Background: Non-peptidergic nociceptive neurons are a sub-population of small diameter primary sensory neurons that comprise approximately 50 % of the C fiber population. Together with the peptidergic sub-population, they transmit nociceptive information from the periphery to the superficial dorsal horn of the spinal cord. Despite the numerous studies investigating the role of the non-peptidergic primary afferents, their role in normal nociception and in pain remains poorly understood. Our lab has previously demonstrated that, in rat models of neuropathic and inflammatory pain, there is a de novo expression of substance P receptors (NK-1r) by lamina I pyramidal projection neurons, a neuronal population that normally does not express these receptors.
Results: In this study, we used a ribosomal toxin, saporin, conjugated to the lectin IB4 to selectively ablate the non-peptidergic nociceptive C fibers, to investigate if the loss of these fibers was enough to induce a change in NK-1r expression by lamina I projection neurons. IB4-saporin treatment led to the permanent ablation of the IB4-positive afferents but also to a small non-significant reduction in CGRP-positive afferents. An overall increase in immunoreactivity for the NK-1r was observed in lamina I projection neurons, however, the lack of non-peptidergic afferents did not increase the number of lamina I pyramidal projection neurons immunoreactive for the receptor.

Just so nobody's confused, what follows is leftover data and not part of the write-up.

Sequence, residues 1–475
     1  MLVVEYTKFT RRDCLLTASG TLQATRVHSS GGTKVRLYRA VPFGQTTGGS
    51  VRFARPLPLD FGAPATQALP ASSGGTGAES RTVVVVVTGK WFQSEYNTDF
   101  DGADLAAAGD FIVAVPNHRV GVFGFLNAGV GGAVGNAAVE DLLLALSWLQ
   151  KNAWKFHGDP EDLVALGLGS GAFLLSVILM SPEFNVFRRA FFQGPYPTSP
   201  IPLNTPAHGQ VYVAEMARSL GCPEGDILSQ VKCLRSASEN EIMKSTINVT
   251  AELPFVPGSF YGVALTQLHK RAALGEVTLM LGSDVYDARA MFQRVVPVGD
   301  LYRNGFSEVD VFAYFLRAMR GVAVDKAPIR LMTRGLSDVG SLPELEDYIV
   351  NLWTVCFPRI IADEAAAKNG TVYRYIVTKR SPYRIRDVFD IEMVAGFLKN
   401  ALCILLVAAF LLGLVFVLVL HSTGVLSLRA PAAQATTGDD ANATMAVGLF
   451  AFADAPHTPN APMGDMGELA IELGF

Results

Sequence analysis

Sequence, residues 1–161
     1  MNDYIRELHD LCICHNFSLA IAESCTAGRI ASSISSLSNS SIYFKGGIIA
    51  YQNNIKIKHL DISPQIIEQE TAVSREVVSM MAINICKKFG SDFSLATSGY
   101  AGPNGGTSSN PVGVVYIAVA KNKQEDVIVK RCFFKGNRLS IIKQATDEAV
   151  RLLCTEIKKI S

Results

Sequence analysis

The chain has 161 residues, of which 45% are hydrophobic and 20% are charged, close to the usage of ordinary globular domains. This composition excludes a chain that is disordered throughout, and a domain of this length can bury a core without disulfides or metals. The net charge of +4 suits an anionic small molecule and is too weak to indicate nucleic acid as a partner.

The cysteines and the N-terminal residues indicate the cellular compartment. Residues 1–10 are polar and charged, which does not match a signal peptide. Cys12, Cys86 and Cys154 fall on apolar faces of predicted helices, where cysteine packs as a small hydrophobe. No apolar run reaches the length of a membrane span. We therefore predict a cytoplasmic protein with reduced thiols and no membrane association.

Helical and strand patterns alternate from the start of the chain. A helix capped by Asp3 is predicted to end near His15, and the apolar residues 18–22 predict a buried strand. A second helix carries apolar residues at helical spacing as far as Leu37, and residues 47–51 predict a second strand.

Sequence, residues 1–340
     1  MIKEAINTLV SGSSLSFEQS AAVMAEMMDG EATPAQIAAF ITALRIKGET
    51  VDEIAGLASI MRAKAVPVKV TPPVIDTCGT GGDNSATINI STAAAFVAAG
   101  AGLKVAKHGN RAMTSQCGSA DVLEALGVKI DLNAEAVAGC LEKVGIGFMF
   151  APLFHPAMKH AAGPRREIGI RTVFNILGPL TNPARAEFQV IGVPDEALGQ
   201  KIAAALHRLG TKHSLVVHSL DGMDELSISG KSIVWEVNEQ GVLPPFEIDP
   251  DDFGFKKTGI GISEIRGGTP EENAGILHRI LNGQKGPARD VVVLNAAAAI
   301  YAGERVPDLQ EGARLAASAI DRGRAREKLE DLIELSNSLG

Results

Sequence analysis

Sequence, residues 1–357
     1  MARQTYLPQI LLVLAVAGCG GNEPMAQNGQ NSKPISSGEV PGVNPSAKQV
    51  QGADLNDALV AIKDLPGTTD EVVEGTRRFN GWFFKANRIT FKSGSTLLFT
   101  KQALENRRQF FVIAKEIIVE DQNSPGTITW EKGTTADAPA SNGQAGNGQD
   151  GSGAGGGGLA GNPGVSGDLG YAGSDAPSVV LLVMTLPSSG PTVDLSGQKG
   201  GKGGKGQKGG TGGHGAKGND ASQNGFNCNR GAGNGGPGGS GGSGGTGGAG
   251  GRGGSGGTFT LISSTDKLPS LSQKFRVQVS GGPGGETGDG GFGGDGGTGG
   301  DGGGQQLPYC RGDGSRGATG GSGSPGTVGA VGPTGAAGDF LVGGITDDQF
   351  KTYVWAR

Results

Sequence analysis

Conclusions: Our results demonstrate that the deletion of the non-peptidergic afferents, at the L4-L5 spinal levels, is not sufficient to trigger the de novo expression of NK-1r by projection pyramidal neurons but increases the expression of NK-1r in fusiform and multipolar projection neurons. Furthermore, our data suggest that a neuropathic component is essential to trigger the expression of NK-1r by pyramidal neurons.